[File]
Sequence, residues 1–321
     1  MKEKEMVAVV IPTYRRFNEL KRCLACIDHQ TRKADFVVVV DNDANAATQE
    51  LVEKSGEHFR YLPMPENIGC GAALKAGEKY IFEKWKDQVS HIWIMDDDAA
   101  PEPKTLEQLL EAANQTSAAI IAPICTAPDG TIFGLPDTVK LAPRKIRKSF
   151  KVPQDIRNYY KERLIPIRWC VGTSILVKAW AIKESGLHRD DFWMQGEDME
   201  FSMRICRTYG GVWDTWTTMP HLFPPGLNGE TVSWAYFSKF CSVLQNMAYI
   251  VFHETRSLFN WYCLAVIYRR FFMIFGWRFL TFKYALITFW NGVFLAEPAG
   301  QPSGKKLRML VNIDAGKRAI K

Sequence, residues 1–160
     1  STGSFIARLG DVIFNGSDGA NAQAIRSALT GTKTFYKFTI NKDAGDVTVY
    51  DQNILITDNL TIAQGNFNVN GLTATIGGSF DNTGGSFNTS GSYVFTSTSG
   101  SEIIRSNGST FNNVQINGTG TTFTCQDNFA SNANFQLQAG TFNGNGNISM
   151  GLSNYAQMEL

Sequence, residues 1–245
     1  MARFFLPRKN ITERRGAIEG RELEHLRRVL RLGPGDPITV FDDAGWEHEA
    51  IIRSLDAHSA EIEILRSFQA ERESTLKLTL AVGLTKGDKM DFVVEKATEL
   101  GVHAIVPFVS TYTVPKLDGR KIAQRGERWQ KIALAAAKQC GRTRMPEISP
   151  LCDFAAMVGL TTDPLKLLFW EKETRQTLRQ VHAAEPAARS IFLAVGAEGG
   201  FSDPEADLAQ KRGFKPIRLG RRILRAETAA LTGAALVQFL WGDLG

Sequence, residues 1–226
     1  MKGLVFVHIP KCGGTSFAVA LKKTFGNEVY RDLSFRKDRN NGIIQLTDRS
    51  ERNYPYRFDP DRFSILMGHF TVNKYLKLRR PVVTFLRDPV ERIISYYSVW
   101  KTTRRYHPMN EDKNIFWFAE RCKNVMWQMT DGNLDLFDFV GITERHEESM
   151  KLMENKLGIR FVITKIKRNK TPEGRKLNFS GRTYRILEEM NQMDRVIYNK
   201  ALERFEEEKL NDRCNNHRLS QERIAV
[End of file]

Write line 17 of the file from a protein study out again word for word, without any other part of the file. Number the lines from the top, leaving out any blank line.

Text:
   101  GVHAIVPFVS TYTVPKLDGR KIAQRGERWQ KIALAAAKQC GRTRMPEISP